During this meeting, Pabon also informed plaintiff that she had received complaints about plaintiff from three female African American staff members who objected to plaintiff's attempts to socialize with them during work hours and his asking them out on dates. Plaintiff was advised to confine his social activities to non-work time. Plaintiff responded that he was trying to be friendly.
Also at this meeting, plaintiff told Pabon that Anthony Murphy, a male Caucasian employee who was employed by Partners as a mail clerk, was "approaching" him during working time. Plaintiff also informed Pabon that he had received a note from someone but was not certain who had sent it. Plaintiff does not appear to have indicated to Pabon the nature of this note.
Pabon assured plaintiff that she would speak with Murphy. That same day, Pabon met with Murphy and warned him not to bother plaintiff. Murphy claimed that he had only been joking.
Several days later, plaintiff informed Pabon that Murphy was continuing to disturb him. Although plaintiff made general complaints to Pabon that Murphy was "approaching" or "harassing" him, plaintiff did not relate the specific incidents involving Murphy that he described in paragraphs five and six of his complaint to the DHR and the EEOC. Pabon again warned Murphy to "stop playing games." Murphy replied that he had done nothing to plaintiff since he had received Pabon's initial warning.
Despite warnings about the necessity for improving both the speed and accuracy of his work, plaintiff's performance showed little improvement in the weeks that followed. He continued to take excessive time in completing assignments and his accuracy did not improve. At the end of the next payroll period, which ended on October 25, 1985, Pabon again detected numerous computation errors in plaintiff's work. Following this second incident, Pabon called plaintiff to her office and advised him that he was being terminated effective November 8, 1985, because of "repeated and significant payroll errors and because he could not complete his assignments in a timely manner." Def. Response to DHR, dated January 14, 1986.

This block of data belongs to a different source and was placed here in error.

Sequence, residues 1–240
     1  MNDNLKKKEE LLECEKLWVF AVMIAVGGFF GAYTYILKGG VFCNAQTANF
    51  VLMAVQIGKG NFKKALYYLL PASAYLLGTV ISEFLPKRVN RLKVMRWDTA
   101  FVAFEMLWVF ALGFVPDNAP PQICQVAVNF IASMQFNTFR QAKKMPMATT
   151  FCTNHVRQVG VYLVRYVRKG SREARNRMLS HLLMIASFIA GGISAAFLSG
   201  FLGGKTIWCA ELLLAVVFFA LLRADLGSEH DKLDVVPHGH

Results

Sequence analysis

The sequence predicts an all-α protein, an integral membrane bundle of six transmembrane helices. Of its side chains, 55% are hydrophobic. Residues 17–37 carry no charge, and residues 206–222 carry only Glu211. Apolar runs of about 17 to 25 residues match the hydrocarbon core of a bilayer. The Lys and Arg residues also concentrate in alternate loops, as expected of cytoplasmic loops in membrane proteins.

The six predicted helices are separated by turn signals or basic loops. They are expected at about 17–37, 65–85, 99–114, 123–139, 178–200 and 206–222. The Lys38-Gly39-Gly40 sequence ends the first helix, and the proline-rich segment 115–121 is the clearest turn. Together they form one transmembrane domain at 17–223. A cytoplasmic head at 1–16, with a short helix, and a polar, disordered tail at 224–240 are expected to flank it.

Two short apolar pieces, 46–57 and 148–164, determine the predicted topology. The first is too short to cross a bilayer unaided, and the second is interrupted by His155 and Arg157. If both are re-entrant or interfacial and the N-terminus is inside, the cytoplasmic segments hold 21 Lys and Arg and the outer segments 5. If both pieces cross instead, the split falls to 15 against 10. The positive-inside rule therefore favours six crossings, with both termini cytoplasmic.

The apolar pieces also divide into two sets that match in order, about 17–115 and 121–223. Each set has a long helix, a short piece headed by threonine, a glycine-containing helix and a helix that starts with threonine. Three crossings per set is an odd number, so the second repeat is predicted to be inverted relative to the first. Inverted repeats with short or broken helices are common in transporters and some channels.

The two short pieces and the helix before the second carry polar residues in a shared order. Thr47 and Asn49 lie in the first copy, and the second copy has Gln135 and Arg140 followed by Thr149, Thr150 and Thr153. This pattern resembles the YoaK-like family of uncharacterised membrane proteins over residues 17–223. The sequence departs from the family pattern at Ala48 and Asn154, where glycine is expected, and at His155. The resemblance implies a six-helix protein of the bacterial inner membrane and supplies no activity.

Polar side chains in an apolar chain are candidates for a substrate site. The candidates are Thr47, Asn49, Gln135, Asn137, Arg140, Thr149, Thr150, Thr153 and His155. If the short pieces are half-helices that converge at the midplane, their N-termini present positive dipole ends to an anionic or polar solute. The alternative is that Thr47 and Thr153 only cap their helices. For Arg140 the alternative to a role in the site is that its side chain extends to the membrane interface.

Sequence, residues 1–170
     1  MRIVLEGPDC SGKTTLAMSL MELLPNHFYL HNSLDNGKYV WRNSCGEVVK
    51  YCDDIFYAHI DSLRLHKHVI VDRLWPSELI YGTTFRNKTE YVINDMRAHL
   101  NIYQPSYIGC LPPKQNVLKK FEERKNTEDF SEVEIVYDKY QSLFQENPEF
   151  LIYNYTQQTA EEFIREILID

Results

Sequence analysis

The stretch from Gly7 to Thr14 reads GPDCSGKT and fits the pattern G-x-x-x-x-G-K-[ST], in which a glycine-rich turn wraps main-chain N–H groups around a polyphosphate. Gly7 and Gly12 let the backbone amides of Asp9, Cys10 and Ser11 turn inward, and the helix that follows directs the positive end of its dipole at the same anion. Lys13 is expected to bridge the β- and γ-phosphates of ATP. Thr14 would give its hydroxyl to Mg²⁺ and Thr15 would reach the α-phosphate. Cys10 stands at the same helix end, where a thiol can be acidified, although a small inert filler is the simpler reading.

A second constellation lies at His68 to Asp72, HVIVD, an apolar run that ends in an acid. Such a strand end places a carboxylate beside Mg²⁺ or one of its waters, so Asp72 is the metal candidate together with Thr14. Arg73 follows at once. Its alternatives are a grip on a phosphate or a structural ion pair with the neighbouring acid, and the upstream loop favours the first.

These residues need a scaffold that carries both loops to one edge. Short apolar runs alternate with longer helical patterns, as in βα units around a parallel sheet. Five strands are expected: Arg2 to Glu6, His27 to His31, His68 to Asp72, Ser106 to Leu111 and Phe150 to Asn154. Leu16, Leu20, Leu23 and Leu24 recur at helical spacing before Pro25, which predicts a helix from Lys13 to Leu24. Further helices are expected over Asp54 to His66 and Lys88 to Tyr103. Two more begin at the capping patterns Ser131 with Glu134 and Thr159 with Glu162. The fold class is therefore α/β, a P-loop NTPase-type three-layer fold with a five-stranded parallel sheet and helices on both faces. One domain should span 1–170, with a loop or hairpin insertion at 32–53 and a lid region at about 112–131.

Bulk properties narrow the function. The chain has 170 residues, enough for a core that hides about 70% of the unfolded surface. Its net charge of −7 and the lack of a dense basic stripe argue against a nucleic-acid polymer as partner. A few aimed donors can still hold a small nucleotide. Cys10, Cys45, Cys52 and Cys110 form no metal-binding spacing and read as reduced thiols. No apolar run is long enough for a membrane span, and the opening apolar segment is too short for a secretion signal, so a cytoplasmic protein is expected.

It appears that no further action was taken with respect to plaintiff's administrative complaints between September 25, 1986, the date on which the DHR issued its determination of no probable cause, and October 1, 1996, when the EEOC issued plaintiff a Notice of Right to Sue. Plaintiff claims that he made "occasional telephone calls" to the DHR and the EEOC during that intervening ten year period in order to ascertain the status of his case but that each time he was told that "the matter was under investigation." Pl. Mem. in Opp'n to Def. Mot. for Summ. J. Plaintiff claims that in August, 1996, he got tired of waiting for the investigations to be completed and requested a Right to Sue Letter from the EEOC, which he received on October 1, 1996. See id. On November 25, 1996, plaintiff filed a complaint with this court, alleging that he had been terminated in violation of Title VII.
Partners moves to dismiss plaintiff's complaint or alternatively, for summary judgment, on the ground that plaintiff's claims are barred by the doctrine of laches, in that plaintiff waited more than ten years after the alleged discriminatory act to request a Notice of Right to Sue from the EEOC and file his complaint in federal court, and that this delay has severely prejudiced Partners' ability to investigate and respond to plaintiff's allegations. Partners also argues that the EEOC's ten year inaction in processing ...